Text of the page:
The Sorbian museum also has special rooms with a total area of 220 m². The exhibitions are complementary and add further depth to the selection of permanent exhibitions and are mostly concerned with national minorities or regional characteristics – suitable for our museum. Slavic nationalities and their cultural traditions are of particular interest.
The art exhibitions complement the programmatic orientation and open up a new way of looking at certain topics.
Man. Myth. Brand.
Scarcely any sorbian-wendish legendary figure has ever caused so much attention as the sorcerer named KRABAT. The exhibition treats the life of Janko Šajatović (1624 – 1704), who originated from Žumberak near Agram (Zagreb) and served as a colonel for the Electoral Croatian Guard of the Saxonian Prince Elector.
Šajatović stayed close to the electoral family up to his death, last as a consultant in the rank of Adjutant General.
Through the stories about „KRABAT“ he found his path into collective memory. There he caused sensation as the literary hero of well-known writers as Měrćin Nowak-Njechorński, Jurij Brězan and Otfried Preußler.
In the cultural history of the Sorbian nation the character of KRABAT, who developed out of the legendary figure, plays an important role.
The objective of this project is to examine the life of the historical person, that stands concealed behind the myth of KRABAT.
In addition the projects reflects upon the myth-making of Janko Šajatović – in german Johann von Schadowitz – as upon the contribution of sorbian art and literature, that turned him into a myth since the 19nth century.
The permanent exhibition at the Sorbian Museum in Bautzen leads you on an 830 m² tour from the early history to the present day. There is a thematically independent department of visual arts.
Start of the exhibition
The first part of the exhibition in the foyer presents a historical and linguistic classification of today’s Sorbs and their ancestors. Selected exhibits from each part of the museum will give you an overview of the central areas of the Sorbian identity.
In the following room the time of Slavic settlement, the High Middle Ages and the Reformation in Lusatia is shown. The next exhibition space displays areas of typical regional craft – for example forest beekeeping, fisheries and aquaculture, which formed an important industry since the Middle Ages.
Working and living conditions of the sorbs
Afterwards, you enter an area divided into four rooms with the themes: domestic living, costumes and customs during the course of the year. This includes traditional music.
The literature exhibition can be found in the ballroom. The largest room of the museum has two floors, because it used to be the court room of the Amtsgericht (local court) Bautzen. It is decorated with pictures of Sorbian scientists and writers. Beneath the gallery, the triptych by the Slovenian artist Ante Trstenjak shows important thinkers and creators of culture of the Sorbian cultural movement. The glass cases beneath the gallery display old prints and literary monuments.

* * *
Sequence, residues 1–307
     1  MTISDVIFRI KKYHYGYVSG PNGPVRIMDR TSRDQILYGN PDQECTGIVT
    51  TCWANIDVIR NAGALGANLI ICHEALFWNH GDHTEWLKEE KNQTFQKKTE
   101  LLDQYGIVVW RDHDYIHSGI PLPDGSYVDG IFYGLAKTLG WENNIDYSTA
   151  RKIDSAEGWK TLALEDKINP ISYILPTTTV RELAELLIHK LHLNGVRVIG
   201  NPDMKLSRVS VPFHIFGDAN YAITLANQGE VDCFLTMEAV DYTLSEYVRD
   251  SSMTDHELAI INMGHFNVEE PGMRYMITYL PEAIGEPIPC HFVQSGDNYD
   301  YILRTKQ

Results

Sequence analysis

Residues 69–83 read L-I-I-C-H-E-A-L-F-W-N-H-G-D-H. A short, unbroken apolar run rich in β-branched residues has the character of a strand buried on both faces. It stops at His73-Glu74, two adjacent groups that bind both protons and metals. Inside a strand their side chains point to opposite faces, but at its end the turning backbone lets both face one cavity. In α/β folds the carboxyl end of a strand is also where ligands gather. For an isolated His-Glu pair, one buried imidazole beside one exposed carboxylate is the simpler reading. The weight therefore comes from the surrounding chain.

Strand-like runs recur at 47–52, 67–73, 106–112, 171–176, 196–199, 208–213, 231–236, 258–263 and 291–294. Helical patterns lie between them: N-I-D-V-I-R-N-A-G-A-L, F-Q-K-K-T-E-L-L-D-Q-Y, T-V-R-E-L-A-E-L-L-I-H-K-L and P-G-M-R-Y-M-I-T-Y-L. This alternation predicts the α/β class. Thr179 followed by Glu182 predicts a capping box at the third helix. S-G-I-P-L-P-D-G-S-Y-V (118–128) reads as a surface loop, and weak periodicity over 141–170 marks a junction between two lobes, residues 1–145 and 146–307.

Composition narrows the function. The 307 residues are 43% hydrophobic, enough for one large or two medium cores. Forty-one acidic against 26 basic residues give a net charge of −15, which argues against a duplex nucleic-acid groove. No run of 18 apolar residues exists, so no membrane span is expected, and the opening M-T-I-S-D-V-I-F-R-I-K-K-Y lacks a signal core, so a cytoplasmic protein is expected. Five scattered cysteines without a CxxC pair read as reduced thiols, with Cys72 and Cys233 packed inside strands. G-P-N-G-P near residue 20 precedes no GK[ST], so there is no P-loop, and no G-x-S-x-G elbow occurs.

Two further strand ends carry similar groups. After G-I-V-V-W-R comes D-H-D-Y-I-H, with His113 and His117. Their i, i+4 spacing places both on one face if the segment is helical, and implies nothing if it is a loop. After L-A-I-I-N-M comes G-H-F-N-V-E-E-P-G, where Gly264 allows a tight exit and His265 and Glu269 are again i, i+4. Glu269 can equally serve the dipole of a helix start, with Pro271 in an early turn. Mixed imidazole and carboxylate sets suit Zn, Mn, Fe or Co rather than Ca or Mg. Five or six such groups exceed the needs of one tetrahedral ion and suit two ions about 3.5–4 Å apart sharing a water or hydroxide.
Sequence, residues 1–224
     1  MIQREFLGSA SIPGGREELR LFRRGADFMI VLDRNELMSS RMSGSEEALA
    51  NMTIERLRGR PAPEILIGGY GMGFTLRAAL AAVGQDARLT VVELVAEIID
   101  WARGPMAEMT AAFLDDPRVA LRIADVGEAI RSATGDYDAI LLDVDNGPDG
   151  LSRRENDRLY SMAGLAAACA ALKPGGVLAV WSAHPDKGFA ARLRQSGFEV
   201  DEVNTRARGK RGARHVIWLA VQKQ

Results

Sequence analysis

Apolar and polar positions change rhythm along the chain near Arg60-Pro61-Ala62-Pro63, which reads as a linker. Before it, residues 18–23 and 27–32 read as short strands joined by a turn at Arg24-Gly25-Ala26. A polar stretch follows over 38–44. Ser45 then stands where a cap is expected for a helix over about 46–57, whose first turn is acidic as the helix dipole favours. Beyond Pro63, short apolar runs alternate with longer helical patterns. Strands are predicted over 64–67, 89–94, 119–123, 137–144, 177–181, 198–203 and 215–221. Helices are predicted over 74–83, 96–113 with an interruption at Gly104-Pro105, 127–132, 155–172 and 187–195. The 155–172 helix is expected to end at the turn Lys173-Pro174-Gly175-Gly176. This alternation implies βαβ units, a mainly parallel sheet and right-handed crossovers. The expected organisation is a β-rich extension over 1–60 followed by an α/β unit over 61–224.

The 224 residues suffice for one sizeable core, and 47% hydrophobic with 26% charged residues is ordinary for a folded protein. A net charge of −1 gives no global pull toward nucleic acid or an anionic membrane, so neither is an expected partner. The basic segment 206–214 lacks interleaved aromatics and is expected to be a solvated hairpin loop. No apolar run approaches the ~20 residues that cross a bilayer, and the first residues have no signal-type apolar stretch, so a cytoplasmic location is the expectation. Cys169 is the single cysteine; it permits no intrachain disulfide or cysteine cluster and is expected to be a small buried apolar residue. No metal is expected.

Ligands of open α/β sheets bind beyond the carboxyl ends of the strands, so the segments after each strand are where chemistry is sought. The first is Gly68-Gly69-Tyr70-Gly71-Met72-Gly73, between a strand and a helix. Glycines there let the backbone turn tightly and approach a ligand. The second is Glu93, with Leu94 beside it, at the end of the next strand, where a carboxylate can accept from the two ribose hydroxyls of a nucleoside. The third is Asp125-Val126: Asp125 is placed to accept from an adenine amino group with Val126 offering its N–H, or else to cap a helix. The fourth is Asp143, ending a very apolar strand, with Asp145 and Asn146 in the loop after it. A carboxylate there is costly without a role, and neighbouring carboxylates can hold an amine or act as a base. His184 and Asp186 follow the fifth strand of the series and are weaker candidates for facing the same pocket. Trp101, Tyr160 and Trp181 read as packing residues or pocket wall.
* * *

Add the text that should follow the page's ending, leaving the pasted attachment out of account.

On the left and right hand side of the room, there are cabinets with the works of important representatives of literary modernism. In the gallery, you can relax in the library and page through one of the numerous books.
Special events such as concerts and exhibition openings are held in the ballroom.
After the ballroom, the tour leads you to modern times and the national movement in general. Here the national consciousness of Slavic people, the literary and scientific studies of the Sorbian -Wends as well as other key factors of historical development are presented. In the middle of the space is the so-called Smoler room – as a reference to the outstanding personality of the Sorbian national revival.
A separate plaque is dedicated to the Sorbian emigrants overseas.
The ballroom doors lead into the special exhibition area in the east wing of the building.
Children's museum & Contemporary history
he visitors can look at the area dedicated to “Early Childhood”. The combined children’s museum is also an educational area and part of the permanent exhibition.
The department of modern history displays the development of the Sorbian associations, from the time of foundation until the reunification of Germany, and the position of the German public authorities as well as various other aspects of being a Sorb. And finally, we arrive at the present time.
This is a nice opportunity to leave the “historical timeline” and receive a visual impression not only of Sorbian but also of Upper Lusatia and Lausitz – enjoy this tour through the department of fine arts.
The Sorbian Museum has the largest collection of Sorbian art, including impressive portrayals and portraits of people, landscapes and watercolour paintings.